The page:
It had been a time of erosion. I’d begun to see in metaphor. We’d lived in the house for twelve years, and things were falling apart. The refrigerator stopped working one day. The banister warped and the spindles on the staircase loosened and clattered to the floor. An old, neglected apple tree on our property split in two, its trunk as hollow as a drum. The house needed painting. The well needed fracking, whatever that meant. The front door was cracked, and on winter days, a sliver of wind could be felt inside.
Late that same fall of the woodpecker, as I sat reading at the kitchen table one afternoon, two large, mangy creatures loped across the meadow. One was grey, the other a pale, milky brown, they were otherworldly, terrifying. My spine tingled. I grabbed my phone to take their picture, then texted it to M., who was in the city that day.
Not coyotes. I know coyotes.
The basement regularly flooded. If the wind blew in a certain way during a heavy rainfall, we could count on a half inch of water in the workroom where M. kept projects in varying states of half-completion. On a long table, he had hundreds of photos cut into stamp-sized pieces. These, he planned to assemble into a photo collage. A finished one from years earlier hangs in our guest bathroom. I never tire of looking it: our now-teenaged son as a toddler, hoisted on the shoulders of a friend, a smiling, radiant man whose daughter will later fall to her death from a Brooklyn rooftop; my mother in a hat to cover her bald head, months before she died; my mother- in-law before Alzheimer’s set in; the three of us –– my little family and I ––on the steps of our Brooklyn townhouse; then older, on the porch of our house in Connecticut. Alive. Dead. Lost. Like the names I refuse to cross out in my address book, I catalog those I have loved.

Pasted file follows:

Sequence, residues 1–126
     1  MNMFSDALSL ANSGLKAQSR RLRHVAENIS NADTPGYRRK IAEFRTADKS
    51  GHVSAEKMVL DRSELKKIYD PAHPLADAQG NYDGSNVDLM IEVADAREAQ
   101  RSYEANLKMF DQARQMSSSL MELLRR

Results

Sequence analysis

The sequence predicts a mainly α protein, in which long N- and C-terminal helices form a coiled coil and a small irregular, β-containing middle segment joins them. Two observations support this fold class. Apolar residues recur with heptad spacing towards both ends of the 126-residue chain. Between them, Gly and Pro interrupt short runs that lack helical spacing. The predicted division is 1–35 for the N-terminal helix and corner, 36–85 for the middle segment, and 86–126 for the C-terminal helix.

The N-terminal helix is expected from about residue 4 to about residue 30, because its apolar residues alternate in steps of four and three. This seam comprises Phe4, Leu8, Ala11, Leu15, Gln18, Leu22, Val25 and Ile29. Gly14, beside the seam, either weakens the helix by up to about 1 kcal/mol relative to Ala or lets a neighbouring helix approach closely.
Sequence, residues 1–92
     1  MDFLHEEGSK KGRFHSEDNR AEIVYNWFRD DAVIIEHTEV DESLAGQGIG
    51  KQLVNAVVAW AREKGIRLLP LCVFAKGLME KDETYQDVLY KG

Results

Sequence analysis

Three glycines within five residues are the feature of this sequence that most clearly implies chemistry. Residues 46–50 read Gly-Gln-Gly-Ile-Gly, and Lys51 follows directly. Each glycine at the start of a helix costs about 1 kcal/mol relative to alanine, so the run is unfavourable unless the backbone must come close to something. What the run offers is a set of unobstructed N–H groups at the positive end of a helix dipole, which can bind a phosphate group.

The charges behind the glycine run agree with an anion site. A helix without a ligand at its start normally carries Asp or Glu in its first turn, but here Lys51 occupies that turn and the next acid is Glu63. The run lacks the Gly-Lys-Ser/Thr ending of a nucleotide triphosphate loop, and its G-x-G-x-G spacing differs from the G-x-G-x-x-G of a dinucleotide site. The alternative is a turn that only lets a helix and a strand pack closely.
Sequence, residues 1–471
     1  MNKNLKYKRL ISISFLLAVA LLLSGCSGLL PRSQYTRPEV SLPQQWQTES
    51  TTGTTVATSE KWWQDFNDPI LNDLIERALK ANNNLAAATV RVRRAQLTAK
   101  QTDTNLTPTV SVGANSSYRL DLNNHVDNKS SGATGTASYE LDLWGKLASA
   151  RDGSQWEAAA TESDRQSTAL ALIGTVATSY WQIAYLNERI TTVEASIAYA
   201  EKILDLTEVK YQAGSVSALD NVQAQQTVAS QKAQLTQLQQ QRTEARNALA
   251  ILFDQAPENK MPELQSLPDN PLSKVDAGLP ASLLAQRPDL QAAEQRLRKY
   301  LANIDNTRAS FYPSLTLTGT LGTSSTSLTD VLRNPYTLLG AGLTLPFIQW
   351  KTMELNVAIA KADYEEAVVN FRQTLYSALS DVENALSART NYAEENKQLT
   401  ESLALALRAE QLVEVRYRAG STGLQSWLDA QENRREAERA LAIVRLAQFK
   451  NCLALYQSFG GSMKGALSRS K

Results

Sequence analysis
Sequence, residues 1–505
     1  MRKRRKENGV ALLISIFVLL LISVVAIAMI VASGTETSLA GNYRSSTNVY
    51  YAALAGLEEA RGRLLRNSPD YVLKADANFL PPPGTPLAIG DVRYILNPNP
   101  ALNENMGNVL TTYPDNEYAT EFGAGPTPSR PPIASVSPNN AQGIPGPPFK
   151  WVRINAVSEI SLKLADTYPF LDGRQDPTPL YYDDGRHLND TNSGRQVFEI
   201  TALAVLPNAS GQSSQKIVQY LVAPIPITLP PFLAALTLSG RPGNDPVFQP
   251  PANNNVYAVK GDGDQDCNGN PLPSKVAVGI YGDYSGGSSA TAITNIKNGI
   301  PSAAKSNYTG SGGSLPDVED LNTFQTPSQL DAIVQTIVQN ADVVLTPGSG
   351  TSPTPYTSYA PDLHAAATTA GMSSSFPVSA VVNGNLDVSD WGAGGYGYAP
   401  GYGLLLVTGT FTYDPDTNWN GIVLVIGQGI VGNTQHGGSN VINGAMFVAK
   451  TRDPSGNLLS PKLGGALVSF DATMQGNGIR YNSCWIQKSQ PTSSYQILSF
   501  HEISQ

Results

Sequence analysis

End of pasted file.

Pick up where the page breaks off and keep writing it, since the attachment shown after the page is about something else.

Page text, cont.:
“Honey!” I called downstairs, keeping an eye on the woodpecker who, if he noticed me, didn’t seem to care. “I need you!”
M. peered at the woodpecker through the bathroom window. “Little fucker.”
“We’re going to have to replace all that siding.”
“Let’s put it on the list.”
The list included pressing items such as painting the house, fixing the front door. We really did need to install a generator, replace the heating system. The list had once included items like redoing the bathrooms, building an addition. I’d stopped keeping a list.
“I’m getting a gun.”
“I don’t want a gun in the house.”
“Not a real gun. A pellet gun. Nail the fucker.”
I did some research. All the while, the pecking continued. More holes were hammered into the side of our house. A friend recommended a brick of suet, hung from a tree. Another suggested a porcelain owl placed atop our roof. M. is not fond of home remedies. The weather grew colder. Leaves on the trees turned russet, deep yellow, bright burgundy. Families of wild turkeys strutted across the front meadow. My mind was on fire. Each day, I sat in my second floor office and heard rat-tat-tat-tat-tat.
I’ll take care of it, M. said. A familiar refrain, one I have always loved and long to believe. This longing – my longing – is part of our marriage. We have been together for nearly two decades. The woodpecker, the mangy creatures, the hive of words. The creaky house, the velocity of time, the accretion of sorrow. The things that can and cannot be fixed. I’ll take care of it.
M., before I knew him, owned real guns. He had been a foreign correspondent working out of Africa, in territory that required bodyguards and weapons. He kept a Kalashnikov stored in a locker in Mogadishu. On occasion, he wore a bulletproof vest. It hangs on a hook in our coat closet.
Now, he is having a tete-a-tete with a woodpecker as I stand holding one quivering dog while petting the other. He hadn’t listened to me. When had he snuck a gun into the house? Where had he bought it? Walmart? Bam! The sound echoes off the roof. His hair is standing on end and he looks not unlike Einstein. A small dark speck against the white sky as the bird flies away, and I can almost hear its laughter, a cartoon bubble: you can’t catch me!